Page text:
2. Consider the curve defined by \(f(x,y) = 4 x y^2 + 2 x^3 - x^2 = 0\) and use SageMath

    1. to convert the equation \(f(x,y) = 0\) from rectangular into polar coordinates;

    2. to solve the equation obtained in (a) for the radius;

    3. to make the plot using the solution(s) obtained in (b).

  3. The folium of Descartes is defined by \(x^3 + y^3 = 3 x y\) and has tangent \(x + y + 1 = 0\).

    1. Draw the folium in rectangular coordinates with enough points in the plot, high enough to see a nice smooth curve around the origin. Take \([-2, +2]\) as the range for both \(x\) and \(y\).

    2. Make a plot for the tangent \(x + y + 1 = 0\), using a color different from the plot of the folium. Display both plots on the same figure window. You may want to extend the original range \([-2, +2]\) to see the folium better approaching the tangent.

    3. Convert the folium into polar coordinates and plot. Be careful in choosing a good range for the parameter \(t\). Compare the number of plot points you needed in (a) with the number of plot points that are needed in the polar form.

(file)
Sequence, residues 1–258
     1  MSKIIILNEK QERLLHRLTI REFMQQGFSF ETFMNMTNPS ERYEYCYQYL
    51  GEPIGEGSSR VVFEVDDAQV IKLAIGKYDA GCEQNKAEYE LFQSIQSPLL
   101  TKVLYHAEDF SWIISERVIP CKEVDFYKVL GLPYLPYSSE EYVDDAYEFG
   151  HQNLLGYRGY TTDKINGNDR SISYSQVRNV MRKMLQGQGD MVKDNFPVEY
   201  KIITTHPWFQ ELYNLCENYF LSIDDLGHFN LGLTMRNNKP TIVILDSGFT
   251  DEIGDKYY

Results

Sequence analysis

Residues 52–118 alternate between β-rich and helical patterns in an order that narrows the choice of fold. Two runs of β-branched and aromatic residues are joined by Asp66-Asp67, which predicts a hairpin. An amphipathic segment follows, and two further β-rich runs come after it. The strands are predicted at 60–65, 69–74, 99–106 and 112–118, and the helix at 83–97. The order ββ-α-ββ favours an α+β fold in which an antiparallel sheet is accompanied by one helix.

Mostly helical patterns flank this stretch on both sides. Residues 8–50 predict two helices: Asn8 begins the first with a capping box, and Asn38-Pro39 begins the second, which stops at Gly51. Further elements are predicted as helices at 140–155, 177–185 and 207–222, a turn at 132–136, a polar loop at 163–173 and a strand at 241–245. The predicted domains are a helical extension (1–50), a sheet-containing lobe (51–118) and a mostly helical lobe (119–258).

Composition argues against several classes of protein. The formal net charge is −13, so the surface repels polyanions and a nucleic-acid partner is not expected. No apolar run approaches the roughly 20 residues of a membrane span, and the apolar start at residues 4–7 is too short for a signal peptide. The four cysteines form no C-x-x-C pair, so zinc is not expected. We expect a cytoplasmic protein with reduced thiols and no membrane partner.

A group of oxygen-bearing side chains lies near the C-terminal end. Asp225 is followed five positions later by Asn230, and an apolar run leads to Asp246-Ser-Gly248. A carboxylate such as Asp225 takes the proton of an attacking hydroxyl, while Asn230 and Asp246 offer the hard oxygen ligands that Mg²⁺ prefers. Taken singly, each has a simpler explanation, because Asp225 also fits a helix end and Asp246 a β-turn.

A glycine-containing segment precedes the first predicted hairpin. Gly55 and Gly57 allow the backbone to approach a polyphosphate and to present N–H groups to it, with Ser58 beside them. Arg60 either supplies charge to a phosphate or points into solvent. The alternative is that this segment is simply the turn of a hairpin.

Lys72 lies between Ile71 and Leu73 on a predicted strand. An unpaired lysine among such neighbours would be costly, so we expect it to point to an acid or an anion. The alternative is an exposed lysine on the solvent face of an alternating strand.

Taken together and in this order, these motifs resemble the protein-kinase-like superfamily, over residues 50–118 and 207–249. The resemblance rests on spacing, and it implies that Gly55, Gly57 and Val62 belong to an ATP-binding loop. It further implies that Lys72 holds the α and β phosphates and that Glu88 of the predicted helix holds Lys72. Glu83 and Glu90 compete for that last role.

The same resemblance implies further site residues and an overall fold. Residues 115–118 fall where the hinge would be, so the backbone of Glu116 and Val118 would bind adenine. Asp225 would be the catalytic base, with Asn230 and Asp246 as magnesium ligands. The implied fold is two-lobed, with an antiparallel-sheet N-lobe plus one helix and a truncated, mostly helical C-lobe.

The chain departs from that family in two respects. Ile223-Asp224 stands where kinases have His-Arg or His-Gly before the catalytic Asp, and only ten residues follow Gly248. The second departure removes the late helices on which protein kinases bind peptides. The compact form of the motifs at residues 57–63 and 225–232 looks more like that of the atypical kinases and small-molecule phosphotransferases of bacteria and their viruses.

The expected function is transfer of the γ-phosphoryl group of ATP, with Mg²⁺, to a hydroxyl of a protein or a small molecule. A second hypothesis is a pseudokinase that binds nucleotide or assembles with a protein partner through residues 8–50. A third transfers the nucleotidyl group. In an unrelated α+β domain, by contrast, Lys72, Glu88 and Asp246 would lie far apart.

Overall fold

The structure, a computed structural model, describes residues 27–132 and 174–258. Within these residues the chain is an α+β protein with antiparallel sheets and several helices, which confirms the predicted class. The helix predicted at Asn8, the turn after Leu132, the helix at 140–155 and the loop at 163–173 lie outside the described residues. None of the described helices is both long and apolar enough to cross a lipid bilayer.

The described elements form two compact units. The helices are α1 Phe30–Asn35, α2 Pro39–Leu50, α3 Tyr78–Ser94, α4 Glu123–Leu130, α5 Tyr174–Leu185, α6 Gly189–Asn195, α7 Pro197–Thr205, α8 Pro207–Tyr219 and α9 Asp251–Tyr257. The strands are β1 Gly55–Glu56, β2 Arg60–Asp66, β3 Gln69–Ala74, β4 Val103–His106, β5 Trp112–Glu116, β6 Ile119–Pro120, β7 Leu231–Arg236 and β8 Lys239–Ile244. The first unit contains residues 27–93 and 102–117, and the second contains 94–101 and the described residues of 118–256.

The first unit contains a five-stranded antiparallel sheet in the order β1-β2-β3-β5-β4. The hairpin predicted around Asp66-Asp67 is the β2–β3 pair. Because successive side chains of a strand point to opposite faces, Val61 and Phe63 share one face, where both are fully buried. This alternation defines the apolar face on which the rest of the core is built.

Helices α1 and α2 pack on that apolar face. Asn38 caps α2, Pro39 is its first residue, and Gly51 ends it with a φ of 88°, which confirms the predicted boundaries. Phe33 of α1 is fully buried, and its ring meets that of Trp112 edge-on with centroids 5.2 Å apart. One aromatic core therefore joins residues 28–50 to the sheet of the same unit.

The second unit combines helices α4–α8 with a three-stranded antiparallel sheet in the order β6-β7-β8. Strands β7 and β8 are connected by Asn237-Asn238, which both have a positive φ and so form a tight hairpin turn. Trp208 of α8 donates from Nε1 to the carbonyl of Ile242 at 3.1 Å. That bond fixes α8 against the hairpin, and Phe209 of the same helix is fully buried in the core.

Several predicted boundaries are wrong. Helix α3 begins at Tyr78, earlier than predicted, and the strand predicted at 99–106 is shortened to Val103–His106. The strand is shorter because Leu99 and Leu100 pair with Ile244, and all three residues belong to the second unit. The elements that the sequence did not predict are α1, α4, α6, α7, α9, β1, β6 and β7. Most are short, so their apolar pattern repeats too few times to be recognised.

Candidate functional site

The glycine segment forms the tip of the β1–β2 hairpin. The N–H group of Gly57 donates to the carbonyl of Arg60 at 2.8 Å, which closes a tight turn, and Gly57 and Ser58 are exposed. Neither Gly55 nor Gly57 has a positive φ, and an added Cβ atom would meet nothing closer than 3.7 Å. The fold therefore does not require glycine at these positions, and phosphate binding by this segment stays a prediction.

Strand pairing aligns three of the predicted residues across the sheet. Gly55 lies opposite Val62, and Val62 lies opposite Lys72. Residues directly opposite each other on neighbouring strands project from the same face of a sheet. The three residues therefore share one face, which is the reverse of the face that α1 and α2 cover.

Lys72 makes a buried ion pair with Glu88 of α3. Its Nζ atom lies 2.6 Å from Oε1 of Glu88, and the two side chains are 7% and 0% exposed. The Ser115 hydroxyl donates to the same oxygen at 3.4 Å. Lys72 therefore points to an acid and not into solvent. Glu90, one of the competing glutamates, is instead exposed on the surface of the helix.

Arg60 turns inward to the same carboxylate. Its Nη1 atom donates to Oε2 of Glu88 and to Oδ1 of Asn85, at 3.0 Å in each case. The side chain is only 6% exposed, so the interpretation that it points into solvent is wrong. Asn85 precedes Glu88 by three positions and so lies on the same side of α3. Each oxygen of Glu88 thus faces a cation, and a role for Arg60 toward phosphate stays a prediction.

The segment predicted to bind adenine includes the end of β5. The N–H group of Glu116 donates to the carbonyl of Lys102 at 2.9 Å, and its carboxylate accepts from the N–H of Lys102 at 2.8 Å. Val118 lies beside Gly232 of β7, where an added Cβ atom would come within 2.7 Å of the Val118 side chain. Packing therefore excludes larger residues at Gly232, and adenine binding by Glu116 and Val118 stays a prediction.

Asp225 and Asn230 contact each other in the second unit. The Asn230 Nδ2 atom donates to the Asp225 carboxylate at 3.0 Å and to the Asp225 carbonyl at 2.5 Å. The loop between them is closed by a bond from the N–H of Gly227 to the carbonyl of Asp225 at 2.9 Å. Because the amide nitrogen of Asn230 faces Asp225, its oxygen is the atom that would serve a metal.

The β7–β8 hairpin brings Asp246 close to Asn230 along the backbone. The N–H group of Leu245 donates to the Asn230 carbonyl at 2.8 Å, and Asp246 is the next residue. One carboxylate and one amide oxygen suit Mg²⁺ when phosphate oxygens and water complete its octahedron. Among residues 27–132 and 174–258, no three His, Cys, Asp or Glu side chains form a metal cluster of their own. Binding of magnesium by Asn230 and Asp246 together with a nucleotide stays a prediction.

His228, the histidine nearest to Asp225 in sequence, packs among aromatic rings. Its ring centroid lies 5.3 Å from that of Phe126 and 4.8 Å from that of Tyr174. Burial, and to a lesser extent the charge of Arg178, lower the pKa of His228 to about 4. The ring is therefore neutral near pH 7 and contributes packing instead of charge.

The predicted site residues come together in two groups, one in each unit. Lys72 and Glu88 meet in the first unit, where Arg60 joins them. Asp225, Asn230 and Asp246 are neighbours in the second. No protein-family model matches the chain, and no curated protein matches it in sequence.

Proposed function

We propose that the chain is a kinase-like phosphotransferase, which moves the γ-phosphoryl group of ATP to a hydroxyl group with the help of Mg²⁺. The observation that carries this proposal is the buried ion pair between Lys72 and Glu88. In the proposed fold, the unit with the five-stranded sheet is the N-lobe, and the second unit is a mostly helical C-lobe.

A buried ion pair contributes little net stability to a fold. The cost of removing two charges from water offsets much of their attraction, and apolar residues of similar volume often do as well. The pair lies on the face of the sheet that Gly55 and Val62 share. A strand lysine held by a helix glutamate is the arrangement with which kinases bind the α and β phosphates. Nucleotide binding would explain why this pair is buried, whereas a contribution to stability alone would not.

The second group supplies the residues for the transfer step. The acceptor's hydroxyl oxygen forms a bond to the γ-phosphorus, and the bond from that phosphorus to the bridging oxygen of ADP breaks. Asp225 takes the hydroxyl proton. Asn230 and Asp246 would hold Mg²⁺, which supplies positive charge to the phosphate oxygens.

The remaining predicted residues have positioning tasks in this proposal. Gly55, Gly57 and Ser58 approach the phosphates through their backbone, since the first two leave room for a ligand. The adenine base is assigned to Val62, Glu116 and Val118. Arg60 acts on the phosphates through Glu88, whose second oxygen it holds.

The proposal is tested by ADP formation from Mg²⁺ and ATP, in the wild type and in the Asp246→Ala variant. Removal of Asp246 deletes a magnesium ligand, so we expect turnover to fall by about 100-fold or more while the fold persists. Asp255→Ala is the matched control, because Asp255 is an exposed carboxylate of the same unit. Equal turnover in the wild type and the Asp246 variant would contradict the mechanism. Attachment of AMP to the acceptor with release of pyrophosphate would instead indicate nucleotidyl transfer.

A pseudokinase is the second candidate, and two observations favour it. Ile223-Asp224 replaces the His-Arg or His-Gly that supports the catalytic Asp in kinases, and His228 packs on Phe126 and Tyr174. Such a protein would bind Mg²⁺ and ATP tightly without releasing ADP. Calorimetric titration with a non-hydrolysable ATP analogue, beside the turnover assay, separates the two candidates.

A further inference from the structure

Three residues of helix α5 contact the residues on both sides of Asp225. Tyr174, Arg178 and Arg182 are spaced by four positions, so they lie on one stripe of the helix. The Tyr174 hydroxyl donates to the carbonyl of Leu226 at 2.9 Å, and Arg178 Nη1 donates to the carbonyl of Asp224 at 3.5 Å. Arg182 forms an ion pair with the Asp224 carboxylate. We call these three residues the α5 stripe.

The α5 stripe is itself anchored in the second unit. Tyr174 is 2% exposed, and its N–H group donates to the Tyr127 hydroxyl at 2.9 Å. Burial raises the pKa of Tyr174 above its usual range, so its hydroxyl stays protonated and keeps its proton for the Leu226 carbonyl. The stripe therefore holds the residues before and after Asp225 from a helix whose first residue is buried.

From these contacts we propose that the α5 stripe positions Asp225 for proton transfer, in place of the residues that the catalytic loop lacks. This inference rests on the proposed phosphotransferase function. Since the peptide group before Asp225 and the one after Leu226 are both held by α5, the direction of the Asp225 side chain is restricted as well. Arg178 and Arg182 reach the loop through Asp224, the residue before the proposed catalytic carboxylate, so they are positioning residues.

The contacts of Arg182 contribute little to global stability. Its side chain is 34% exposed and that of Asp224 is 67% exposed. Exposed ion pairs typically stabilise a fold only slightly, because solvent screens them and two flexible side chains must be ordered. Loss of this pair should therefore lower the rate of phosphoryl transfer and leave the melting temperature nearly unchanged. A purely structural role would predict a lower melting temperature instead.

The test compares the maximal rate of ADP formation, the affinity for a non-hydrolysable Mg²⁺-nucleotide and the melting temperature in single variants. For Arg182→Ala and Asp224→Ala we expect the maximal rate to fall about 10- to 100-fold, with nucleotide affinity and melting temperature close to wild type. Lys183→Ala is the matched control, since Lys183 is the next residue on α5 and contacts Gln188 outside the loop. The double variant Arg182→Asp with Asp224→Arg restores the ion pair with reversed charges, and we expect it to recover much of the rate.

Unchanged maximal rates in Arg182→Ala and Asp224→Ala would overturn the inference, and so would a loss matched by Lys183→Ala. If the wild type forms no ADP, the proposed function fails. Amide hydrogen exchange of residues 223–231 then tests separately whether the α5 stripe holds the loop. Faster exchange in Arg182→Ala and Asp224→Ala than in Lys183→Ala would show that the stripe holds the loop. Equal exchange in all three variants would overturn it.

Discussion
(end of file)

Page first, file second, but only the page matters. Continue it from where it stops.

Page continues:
4. The snail of Pascal is the curve defined as \((x^2 + y^2 + 2 y)^2 - (x^2 + y^2) = 0\).

    1. Plot this curve for \(x \in [-2,+2]\) and \(y \in [-3,+1]\). How many points do you need for the plotted curve to have no gaps?

    2. Compute the polar coordinates for the curve. Plot this curve in polar coordinates.

  5. Cassini ovals are sets of points for which the product of the distances to two fixed points are constant. Taking the points on the x-axis with coordinates \((-a, 0)\) and \((+a, 0)\), then for a constant \(c\), the Cassini ovals satisfy \(((x-a)^2 + y^2) \times ((x+a)^2 + y^2) = c^4\).

    1. Make several plots for various choices for \(a\) and \(c\). Distinguish the cases \(0 < a < c\) and \(c < a < c^2\).

    2. Find the representation of these curves in polar coordinates.

    3. Concerning the quality of the plots, is it easier for SageMath to work with the original rectangular coordinates or are the polar coordinates better suited?

  6. Consider the curve defined by the equation \(f(x,y) = (x^2+y^2)^5-16 x^2 y^2 (x^2-y^2)^2 = 0\).

    1. Give the command to make a plot of this curve, for \(x\) and \(y\) in the range from \(-1\) to \(+1\). How many points do you need to obtain a good plot?

    2. Give the commands to transform this curve into polar coordinates and to plot the curve. How many times does the curve pass through (0,0)?